White House Deputy National Security Adviser Tony Blinken told NPR on Wednesday that any ceasefire ending the current round of hostilities between Israel and Hamas in the Gaza Strip should include "some form of demilitarization so that [the conflict] doesn't continue, doesn't repeat itself," one of a growing list of statements by U.S. policymakers and observers assessing that any truce between Jerusalem and the terror group should include provisions that disarmed Hamas. Blinken emphasized that such a scenario "needs to be the end result." Daniel Nisman and Ron Gilran - respectively the president and the vice president of intelligence at the Levantine Group, a geopolitical risk consultancy based in Israel - had already over the weekend identified Israel's Operation Protective Edge as "a rare opportunity for a regional arrangement which could ultimately bring an end to the cycle of violence in Gaza" by allowing the Israelis to leverage battlefield victories into a truce under which Hamas would be forced to "dismantle its rockets and those of other fringe groups in exchange for a lifting of the blockade by Israel and Egypt." The Washington Post's editorial board on Wednesday came to a similar conclusion, noting the strategic dangers of Hamas's attack tunnels meant that "any accord must aim at forging a new political and security order in Gaza," and more specifically that border concessions made by the Israelis or the Egyptians should be linked "to the return to Gaza of the security forces of the Palestinian Authority, the disarmament of Hamas and elections for a new government." For his part, top Hamas official Khaled Meshaal, speaking on Wednesday at a news conference in Qatar, declared that "no one will disarm the resistance... we are the victim, despite our victory."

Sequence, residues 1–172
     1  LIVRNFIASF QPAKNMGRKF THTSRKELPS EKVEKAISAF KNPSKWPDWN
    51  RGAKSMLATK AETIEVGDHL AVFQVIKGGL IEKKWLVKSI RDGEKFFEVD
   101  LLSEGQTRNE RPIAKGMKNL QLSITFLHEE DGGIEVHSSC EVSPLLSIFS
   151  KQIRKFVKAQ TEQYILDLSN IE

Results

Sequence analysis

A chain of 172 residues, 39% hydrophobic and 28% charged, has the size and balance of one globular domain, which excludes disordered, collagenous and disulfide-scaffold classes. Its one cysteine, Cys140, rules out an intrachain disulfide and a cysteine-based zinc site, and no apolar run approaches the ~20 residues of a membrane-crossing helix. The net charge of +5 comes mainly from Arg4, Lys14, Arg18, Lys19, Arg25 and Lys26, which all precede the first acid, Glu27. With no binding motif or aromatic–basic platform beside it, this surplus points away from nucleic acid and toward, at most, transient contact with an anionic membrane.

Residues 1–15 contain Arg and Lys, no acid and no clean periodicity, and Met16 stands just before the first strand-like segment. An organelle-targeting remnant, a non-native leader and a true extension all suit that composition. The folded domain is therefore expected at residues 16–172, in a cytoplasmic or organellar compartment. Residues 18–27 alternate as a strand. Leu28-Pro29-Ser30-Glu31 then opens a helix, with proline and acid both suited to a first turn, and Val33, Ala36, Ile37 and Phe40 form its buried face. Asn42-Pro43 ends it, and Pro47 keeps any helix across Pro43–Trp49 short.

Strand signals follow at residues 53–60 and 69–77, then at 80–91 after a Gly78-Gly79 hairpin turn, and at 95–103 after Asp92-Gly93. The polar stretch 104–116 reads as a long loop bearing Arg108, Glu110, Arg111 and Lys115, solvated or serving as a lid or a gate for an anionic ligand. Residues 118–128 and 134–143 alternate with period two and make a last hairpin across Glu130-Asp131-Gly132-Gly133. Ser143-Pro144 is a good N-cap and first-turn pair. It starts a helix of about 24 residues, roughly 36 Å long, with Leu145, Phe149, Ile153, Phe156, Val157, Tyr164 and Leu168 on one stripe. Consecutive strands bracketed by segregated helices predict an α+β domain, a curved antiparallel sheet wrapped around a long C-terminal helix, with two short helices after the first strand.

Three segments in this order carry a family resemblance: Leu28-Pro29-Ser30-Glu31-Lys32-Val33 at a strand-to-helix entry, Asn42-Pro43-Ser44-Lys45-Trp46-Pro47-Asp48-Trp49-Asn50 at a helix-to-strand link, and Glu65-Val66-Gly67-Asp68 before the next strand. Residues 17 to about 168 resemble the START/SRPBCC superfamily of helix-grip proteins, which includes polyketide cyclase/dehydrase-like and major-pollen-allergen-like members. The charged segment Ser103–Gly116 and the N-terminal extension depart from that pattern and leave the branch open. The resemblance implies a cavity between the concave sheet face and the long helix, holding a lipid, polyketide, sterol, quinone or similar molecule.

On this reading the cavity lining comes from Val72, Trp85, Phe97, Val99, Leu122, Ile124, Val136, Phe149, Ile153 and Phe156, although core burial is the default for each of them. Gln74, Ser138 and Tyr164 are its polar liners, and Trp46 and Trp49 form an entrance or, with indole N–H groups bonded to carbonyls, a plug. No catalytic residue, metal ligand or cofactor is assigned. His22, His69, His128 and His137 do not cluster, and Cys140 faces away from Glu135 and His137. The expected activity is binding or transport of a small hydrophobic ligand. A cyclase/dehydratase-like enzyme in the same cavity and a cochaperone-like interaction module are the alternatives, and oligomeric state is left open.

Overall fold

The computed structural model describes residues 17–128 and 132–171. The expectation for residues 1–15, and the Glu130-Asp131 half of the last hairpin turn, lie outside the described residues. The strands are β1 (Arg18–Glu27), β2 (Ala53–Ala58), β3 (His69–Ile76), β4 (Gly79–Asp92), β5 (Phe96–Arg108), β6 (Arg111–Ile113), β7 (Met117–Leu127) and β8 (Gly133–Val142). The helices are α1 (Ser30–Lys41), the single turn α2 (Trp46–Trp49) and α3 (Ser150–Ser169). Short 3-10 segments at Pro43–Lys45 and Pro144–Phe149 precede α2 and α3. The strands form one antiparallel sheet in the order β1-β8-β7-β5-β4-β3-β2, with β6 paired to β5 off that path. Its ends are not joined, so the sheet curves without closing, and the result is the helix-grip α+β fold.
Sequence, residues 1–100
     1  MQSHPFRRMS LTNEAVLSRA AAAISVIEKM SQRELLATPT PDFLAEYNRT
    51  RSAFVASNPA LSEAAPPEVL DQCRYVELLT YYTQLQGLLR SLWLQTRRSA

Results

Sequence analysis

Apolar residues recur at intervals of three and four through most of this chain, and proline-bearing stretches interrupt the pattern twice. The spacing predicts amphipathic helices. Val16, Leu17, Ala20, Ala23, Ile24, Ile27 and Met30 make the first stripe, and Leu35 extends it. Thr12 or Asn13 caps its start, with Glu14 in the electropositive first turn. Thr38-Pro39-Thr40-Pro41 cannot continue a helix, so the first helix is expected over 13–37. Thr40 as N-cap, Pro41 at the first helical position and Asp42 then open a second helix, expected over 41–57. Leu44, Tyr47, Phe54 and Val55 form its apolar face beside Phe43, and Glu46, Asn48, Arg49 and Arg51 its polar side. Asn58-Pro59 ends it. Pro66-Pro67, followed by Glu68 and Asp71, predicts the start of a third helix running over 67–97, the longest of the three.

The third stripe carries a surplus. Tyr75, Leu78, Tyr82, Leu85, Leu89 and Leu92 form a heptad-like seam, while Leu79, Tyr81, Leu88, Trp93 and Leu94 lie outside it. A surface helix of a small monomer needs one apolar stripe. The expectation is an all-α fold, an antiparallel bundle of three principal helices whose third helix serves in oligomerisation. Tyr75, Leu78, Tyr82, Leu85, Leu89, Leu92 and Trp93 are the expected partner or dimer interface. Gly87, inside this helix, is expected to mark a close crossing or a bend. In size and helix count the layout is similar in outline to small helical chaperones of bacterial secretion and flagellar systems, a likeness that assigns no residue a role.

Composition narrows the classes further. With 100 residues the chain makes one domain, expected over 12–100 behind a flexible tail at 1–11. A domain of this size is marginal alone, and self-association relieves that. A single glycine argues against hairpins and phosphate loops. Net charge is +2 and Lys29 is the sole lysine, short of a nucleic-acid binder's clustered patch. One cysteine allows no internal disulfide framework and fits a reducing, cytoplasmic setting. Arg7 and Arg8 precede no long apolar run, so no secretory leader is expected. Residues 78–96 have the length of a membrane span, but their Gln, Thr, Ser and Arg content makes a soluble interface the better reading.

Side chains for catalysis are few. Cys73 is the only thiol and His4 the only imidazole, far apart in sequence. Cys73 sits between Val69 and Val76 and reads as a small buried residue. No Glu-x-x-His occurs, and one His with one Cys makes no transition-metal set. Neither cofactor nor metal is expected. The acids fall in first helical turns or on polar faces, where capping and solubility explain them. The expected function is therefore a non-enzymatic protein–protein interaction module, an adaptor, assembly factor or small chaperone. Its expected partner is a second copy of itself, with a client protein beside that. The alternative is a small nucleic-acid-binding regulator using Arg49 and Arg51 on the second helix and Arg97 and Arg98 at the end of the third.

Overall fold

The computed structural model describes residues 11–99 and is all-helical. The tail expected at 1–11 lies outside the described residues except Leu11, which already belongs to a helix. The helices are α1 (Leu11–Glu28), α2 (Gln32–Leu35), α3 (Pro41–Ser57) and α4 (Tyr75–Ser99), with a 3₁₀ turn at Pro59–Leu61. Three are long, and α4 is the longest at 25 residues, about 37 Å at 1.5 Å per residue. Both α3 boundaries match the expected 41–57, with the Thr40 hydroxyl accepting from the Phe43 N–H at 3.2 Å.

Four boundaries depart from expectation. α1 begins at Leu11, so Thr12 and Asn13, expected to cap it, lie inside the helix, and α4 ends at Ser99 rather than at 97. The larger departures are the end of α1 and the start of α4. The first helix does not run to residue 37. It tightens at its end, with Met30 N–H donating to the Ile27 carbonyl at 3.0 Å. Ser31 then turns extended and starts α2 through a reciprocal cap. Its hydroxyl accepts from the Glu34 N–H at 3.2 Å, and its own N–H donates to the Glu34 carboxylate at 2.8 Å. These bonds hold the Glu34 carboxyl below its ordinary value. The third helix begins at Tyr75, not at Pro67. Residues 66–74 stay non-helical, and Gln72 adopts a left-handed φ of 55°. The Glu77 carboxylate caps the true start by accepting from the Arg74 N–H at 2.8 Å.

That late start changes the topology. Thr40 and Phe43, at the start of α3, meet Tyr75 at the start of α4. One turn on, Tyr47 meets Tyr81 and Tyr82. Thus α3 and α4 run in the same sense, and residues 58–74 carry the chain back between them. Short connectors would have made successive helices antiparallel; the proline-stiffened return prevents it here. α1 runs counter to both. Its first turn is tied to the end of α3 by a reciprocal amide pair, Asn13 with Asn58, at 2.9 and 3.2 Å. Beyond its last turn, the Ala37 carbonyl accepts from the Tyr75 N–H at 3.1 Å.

Some 30,000 people from across Israel came to the funeral of IDF soldier Sgt. Max Steinberg, even though most of them never met him. Steinberg, 24, was killed in action in Shejaiya, Gaza. The Golani brigades’ sharpshooter grew up in Los Angeles and moved to Beersheva after he fell in love with Israel, following a Birthright trip here. Steinberg was considered a lone soldier in the IDF because his parents still live abroad. After calls via social media for people to attend the funeral of another American-Israeli, Nissim Sean Carmeli, were answered by at least 20,000 people, another social media call was put out for Steinberg. People crowded the Mount Herzl military cemetery in Jerusalem on Wednesday (July 23) to show their appreciation for a man who didn’t have to serve but chose to defend Israel just the same. “I came to the funeral to show my support to his family. I didn’t know Max but I felt it was important for me to come and show his parents that all of Israel supports the family and for them to know that Max didn’t die in vain,” 29-year-old Eli Satran told Ynet news. “The love and support we’ve received is amazing. We understand why Max loved Israel so much, it’s because of the people,” Stuart Steinberg, Max’s father, told Hebrew media. “The people who came today prove that Am Yisrael Chai. We’ve been asked if we’re sorry that Max enlisted in the IDF. The answer is no. We are very proud of his decision.” (via Israel21c)
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